Because innovation is only useful if it can be commercialized which means it must be protected by international patents first.

One of the key things about patents is the way each is written. To protect the interest of the patent-owner, the patent is written in such general and obscure manner even a chair can be defined in many different ways, depending upon how the document is read, so that other claimants can be thwarted by precedence.

That's one hidden competitive weapon which has been used to carve out first-mover advantage.

Another aspect is that the collaboration with private sector for innovative research projects can fail for a number of reasons such as wrong tie-ups, weak identification of objectives, team member changes, variation orders to research themes, lack of right equipment, insufficient funds, preemption by competitors, no access to other works already done, weak research methods, indifferent results. It's a long story. Risk management stuff.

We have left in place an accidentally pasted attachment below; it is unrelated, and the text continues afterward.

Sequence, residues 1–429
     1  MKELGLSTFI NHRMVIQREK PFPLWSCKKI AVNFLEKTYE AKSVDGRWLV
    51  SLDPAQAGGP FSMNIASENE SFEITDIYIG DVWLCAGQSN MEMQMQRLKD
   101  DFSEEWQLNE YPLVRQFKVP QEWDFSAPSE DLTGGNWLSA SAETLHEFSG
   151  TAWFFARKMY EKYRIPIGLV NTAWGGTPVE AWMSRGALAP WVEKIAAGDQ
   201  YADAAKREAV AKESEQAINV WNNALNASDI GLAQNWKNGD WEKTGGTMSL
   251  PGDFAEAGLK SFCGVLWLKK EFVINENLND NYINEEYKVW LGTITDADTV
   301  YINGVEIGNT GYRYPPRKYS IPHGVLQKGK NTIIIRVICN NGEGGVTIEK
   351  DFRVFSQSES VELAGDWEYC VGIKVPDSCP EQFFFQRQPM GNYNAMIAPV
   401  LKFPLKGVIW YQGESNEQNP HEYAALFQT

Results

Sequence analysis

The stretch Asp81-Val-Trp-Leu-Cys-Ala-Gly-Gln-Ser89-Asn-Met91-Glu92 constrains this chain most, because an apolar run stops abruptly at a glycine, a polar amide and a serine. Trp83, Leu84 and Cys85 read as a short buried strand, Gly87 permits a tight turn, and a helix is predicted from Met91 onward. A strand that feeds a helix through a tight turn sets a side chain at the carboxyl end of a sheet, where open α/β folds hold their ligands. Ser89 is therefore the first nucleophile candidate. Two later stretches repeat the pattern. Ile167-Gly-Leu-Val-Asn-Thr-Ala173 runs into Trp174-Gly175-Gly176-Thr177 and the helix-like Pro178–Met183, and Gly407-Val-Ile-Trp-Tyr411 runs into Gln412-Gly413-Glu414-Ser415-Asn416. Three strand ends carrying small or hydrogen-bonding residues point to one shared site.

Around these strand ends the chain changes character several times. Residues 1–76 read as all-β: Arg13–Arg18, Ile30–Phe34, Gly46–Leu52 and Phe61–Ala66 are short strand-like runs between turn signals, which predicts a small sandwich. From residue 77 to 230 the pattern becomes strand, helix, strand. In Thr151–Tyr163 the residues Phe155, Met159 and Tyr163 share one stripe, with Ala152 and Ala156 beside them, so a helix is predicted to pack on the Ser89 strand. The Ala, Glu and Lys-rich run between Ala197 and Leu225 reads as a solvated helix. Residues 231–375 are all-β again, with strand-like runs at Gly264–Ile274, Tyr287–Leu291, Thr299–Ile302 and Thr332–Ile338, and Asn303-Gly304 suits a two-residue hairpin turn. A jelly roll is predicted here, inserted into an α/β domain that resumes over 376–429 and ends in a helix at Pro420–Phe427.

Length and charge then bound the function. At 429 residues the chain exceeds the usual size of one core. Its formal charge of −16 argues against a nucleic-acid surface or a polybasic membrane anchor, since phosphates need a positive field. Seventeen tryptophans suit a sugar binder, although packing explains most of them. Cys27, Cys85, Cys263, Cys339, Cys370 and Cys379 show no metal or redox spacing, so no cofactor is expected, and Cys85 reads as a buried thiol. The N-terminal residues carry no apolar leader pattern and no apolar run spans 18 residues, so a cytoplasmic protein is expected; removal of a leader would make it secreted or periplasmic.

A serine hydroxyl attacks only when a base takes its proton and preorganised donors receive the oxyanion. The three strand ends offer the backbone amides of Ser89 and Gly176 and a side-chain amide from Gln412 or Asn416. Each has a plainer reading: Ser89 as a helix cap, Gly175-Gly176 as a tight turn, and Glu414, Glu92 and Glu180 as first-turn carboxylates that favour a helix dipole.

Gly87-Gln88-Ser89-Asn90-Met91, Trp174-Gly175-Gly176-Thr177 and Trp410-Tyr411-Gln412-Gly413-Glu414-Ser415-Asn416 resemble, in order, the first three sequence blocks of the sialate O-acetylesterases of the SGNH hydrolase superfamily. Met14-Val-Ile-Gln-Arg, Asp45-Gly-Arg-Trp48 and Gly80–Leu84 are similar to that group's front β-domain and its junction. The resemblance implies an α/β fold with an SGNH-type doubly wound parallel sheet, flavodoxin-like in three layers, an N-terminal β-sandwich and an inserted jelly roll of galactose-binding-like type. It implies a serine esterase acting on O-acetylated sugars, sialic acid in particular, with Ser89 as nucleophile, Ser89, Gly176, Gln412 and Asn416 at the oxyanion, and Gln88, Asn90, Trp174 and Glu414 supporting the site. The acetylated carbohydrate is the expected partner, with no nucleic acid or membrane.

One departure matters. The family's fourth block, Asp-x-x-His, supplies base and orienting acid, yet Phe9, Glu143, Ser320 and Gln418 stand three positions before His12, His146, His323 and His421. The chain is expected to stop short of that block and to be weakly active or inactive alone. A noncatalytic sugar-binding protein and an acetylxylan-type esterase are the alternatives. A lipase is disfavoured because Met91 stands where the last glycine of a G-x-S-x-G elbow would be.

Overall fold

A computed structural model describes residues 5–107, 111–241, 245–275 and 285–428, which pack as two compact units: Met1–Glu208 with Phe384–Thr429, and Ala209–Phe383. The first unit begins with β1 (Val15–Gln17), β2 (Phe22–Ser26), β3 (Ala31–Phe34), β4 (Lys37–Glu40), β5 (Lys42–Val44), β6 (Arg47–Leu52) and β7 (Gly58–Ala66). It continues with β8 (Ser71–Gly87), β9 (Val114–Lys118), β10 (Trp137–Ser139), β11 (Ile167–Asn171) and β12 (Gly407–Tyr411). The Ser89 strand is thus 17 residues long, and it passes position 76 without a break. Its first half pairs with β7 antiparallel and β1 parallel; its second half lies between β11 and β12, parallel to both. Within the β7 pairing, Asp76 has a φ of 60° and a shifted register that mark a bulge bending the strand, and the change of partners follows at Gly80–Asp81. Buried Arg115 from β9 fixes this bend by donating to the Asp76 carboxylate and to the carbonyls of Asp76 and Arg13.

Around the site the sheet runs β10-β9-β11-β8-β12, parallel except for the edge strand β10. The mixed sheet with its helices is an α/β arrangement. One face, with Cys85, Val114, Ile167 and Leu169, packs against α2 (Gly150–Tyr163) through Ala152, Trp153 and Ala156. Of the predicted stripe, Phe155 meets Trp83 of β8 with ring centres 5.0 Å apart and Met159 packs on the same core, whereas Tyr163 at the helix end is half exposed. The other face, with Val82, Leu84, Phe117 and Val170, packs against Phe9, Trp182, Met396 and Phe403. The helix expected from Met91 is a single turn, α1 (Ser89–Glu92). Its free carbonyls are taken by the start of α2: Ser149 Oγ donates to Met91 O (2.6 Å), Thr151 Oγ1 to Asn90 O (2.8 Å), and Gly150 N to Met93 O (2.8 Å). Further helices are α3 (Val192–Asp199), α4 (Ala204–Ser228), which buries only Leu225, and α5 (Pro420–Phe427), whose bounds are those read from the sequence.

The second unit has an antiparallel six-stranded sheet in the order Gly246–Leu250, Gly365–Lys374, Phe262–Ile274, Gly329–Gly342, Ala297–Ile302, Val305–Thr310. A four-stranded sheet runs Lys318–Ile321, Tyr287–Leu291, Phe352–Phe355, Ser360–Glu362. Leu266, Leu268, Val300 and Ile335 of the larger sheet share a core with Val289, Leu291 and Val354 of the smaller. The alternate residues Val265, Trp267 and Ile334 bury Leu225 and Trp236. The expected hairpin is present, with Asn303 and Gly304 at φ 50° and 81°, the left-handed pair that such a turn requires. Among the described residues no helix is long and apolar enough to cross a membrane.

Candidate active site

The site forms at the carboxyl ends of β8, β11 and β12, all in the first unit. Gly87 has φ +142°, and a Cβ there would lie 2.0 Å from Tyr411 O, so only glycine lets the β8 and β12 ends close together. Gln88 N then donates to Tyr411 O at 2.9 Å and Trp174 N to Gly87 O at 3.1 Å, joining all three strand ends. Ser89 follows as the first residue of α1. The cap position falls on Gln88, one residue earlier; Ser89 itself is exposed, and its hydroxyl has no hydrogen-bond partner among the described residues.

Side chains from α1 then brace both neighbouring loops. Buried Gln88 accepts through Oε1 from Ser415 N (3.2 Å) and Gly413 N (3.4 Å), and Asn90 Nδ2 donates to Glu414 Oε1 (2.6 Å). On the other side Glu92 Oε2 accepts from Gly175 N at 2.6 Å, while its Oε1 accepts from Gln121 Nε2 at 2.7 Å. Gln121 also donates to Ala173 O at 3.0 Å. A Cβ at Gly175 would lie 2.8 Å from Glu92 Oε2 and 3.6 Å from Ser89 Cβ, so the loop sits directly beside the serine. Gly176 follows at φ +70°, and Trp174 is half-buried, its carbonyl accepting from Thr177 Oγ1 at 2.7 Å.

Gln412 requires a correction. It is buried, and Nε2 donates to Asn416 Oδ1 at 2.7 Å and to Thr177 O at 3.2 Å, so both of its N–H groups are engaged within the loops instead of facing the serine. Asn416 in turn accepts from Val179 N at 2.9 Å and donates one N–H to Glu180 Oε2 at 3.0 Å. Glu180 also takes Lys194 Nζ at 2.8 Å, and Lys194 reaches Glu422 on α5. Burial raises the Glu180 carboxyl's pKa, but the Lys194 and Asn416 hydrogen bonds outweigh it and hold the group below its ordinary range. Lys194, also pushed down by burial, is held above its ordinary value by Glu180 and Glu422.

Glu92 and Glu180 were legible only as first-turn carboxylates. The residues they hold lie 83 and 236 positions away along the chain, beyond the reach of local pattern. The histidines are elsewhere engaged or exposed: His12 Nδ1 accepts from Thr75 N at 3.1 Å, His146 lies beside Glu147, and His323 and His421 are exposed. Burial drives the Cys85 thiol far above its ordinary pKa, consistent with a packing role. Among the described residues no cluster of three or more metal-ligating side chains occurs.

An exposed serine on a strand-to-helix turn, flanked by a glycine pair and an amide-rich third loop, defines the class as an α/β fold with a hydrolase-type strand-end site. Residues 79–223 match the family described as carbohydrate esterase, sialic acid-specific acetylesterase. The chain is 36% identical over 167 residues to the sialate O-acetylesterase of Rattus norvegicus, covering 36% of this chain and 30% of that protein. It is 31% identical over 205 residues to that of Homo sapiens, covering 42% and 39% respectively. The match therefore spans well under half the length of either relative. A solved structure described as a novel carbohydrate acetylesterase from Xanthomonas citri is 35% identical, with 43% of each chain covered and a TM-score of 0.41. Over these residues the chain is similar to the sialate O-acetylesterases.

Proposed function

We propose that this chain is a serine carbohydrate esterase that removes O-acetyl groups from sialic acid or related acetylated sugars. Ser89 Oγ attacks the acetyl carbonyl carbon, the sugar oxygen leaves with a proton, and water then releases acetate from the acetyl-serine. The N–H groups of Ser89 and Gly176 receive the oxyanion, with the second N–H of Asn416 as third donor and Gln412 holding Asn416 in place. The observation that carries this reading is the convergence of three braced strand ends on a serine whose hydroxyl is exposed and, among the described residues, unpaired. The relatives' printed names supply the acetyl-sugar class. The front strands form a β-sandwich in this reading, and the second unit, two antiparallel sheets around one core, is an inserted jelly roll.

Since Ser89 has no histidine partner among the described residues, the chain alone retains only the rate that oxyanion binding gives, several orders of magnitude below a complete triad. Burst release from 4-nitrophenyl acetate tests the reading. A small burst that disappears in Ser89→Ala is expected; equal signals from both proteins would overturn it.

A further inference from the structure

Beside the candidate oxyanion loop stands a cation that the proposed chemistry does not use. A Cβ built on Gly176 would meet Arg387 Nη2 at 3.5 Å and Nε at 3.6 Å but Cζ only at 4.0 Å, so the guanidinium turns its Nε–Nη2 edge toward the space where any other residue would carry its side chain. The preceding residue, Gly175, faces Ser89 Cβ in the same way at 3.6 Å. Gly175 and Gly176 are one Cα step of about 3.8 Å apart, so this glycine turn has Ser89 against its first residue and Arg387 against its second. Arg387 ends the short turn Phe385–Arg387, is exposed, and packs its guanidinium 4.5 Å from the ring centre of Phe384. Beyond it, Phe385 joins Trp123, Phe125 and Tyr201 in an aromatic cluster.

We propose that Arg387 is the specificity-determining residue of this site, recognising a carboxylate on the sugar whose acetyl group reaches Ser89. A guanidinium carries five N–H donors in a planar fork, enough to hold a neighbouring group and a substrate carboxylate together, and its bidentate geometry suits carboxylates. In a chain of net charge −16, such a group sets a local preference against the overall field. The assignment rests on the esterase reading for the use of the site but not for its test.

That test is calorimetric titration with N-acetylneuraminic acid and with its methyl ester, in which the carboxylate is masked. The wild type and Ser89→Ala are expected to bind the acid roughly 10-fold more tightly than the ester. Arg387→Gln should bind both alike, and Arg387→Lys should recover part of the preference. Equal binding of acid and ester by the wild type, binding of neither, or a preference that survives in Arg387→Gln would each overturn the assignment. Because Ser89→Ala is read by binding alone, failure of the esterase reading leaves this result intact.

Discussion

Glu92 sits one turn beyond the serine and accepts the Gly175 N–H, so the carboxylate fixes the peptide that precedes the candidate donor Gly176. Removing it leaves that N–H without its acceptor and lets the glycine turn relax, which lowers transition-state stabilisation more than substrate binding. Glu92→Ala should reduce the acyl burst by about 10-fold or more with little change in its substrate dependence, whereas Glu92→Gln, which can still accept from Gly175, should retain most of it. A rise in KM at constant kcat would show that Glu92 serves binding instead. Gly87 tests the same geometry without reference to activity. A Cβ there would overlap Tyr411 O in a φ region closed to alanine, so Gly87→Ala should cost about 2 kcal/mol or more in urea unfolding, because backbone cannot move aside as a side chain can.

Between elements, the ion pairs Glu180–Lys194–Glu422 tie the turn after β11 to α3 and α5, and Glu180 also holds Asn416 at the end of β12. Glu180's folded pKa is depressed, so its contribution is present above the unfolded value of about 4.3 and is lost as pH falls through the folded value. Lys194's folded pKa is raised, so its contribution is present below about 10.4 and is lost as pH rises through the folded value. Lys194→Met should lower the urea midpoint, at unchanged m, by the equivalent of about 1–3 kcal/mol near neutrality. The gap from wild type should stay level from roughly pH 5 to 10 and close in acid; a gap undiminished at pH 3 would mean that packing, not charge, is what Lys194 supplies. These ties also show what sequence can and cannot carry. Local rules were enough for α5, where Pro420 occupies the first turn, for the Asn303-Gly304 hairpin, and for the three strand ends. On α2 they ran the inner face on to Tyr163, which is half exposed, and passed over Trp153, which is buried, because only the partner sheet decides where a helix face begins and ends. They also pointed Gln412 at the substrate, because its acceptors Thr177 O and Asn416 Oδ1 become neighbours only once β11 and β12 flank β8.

To extend research edges of our natural resources and historical strengths, there must be a strong overview and close following of what has been happening in those fields.

Moreover, what are known should be sufficiently discussed beyond the confines of the public sector so that the private sector can be attracted to input pre-project ideas. Not sure if this is done extensively enough.

In essence, we have been spending billions each year on education without knowing how education can be used to build innovation.

We talked almost exclusively about how to deliver education but not on what it is supposed to generate.

This blind-spot cost us our edge.

the usuals
(pp 228, 231-232 etc)